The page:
Winfield Scott Brandenburgh was born in Moral township, Shelby county, September 18,1880. He is the son of James Henry and Fidelia (Rawlings) Brandenburgh. James Henry Brandenburgh was born on the old Brandenburgh homestead, one and one-half miles southeast of New Palestine, in 1852, and died in February, 1884. He was the son of James Oliver and Marie (Snodgrass) Brandenburgh, and further details of the life of the former are set out in the biographical sketch of Elwood O. Brandenburg, presented on anther page of this volume.
Fidelia Rawlings was born in Sugar Creek township, May 17, 1856. She was the daughter of Stephen and Sarah A. (Cones) Rawlings, who were of the oldest pioneer families in Sugar Creek township, Hancock county, and Moral township, Shelby county. Stephen Rawlings was the son of Samuel Rawlings and wife, who entered one hundred and sixty acres of land in Moral township, Shelby county, four and one-half miles south of New Palestine. Winfield Scott Brandenburgh moved with his parents from Shelby county when he was two years old to a farm one and one-fourth miles southeast of New Palestine. It was there his father died, after which his mother and two children returned to her father's home. A few months later she took charge of a toll house on the old Brookville road, just west of New Palestine. In 1885 she was married to Fred Schilling, of Sugar Creek township, who was a native of Germany. After her marriage they took up their residence on a farm two miles east of New Palestine and one year later moved to a farm two and one-fourth miles northeast of New Palestine. Two years later they moved to Van Buren township, Shelby county, where they resided four years and then returned to Hancock county, and settled on a farm about three and one-half miles northeast of New Palestine. Three years later they moved back to the old place, two miles east of New Palestine, where they resided for the next eighteen years and finally settled again on the old home place, two and one-fourth miles northeast of New Palestine.
Winfield Scott Brandenburgh spent his early childhood and youth in Sugar Creek township, Hancock county, and Van Buren township, Shelby county. He attended the old No. 6 school house and his first teacher was John Garver. After finishing the common schools he started to learn the milling trade, but received an injury to his back, which necessitated his giving up the work. After his milling experience he engaged in farming for the next four years. Then with Jesse Armiger he engaged in the bakery and confectionery business at New Palestine. A year or two later he sold out to his brother, who in the meantime had taken the place of Mr. Armiger. He then went to Indianapolis, where he took a position with the Indianapolis Street Railway Company. A short time later he was taken ill. A few months later he was associated with Mr. Garver in the bakery business and he then took a position as clerk with Kitley & Geisel. For the next few months he worked for an Indianapolis grocery company and shortly after this he was again incapacitated by ill health. This lasted for about two years. After his recovery he engaged in the tailoring, pressing and cleaning business at New Palestine, which he has conducted since the spring of 1909. He also served as deputy postmaster at New Palestine.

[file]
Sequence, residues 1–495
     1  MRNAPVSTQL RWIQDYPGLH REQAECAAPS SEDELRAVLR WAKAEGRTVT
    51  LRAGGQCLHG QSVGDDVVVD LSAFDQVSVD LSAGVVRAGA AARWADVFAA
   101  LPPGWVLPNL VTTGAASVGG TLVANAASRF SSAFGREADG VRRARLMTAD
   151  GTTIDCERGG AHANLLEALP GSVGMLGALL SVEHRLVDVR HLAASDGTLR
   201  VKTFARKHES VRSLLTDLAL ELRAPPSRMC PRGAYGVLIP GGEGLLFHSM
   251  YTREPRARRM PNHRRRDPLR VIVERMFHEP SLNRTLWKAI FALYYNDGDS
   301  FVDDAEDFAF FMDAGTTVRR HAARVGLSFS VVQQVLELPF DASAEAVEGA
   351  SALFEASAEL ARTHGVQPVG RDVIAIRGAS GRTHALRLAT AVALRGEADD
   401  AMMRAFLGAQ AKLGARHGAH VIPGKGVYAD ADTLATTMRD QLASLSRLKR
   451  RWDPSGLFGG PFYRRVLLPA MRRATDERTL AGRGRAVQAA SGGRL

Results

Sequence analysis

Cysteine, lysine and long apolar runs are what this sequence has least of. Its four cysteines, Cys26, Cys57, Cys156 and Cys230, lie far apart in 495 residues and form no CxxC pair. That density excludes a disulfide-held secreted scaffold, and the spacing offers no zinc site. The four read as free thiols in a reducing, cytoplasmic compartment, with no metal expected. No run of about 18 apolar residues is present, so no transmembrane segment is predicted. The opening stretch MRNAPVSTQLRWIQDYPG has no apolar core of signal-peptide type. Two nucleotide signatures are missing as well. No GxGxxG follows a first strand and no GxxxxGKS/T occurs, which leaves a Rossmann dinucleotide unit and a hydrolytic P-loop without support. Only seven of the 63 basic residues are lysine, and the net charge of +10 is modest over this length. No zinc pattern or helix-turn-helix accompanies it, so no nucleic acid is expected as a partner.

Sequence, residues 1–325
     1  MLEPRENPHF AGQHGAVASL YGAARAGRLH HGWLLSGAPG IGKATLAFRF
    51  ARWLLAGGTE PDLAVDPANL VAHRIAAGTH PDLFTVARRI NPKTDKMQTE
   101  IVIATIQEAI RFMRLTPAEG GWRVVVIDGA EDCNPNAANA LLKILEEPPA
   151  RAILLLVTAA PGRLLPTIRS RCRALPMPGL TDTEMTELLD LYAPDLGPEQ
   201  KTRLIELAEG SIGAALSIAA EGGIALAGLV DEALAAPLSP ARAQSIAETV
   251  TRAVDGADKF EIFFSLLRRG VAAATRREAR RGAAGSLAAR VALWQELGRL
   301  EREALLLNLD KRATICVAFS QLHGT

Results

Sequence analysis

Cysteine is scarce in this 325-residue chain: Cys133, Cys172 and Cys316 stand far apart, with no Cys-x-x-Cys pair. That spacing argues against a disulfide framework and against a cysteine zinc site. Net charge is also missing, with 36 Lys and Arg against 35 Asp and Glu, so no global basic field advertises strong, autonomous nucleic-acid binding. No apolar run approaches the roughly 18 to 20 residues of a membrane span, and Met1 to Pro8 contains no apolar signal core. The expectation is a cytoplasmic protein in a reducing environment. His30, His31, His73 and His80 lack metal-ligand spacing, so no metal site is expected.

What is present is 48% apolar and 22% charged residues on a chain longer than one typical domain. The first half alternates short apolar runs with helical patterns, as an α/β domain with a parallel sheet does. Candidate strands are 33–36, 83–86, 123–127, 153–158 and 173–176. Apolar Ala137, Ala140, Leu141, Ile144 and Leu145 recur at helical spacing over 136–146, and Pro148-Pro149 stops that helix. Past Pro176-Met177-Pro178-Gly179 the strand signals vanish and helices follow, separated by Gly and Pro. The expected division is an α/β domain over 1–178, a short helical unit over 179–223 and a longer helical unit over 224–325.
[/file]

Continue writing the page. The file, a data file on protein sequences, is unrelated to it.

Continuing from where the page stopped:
On October 5, 1910, Winfield Scott Brandenburgh was married to Nannie Blaine Ingram, who was born in Pendleton county, Kentucky, October 30, 1886, the daughter of Perry J. and Maria (Browning) Ingram. They came to Connersville when Nannie was fifteen years of age, where she resided, with the exception of a short time, until their death. Mr. Brandenburgh is the father of two children: Electra, born on April 9, 1904, and Iona Mae, born April 14, 1911. Mr. Brandenburgh is a member and trustee of the Christian church and his wife is also a member of this church. He is a member of the Knights of Pythias, London Lodge No. 466. He is a Democrat in politics and was elected in November, 1914, to the office of trustee of Sugar Creek township after a very spirited campaign. He enjoys the respect of his fellow citizens. He is not only one of the chief officers of the township, but as a man and citizen his character and reputation are above question.
Transcribed from History of Hancock County, Indiana, Its People, Industries and Institutions by George J. Richman, B. L., Federal Publishing Co., Indianapolis, Indiana, 1916. Pages 1129-1130.
Submitted by Sylvia (Rose) Duda, Laingsburg, MI November 28, 2001.
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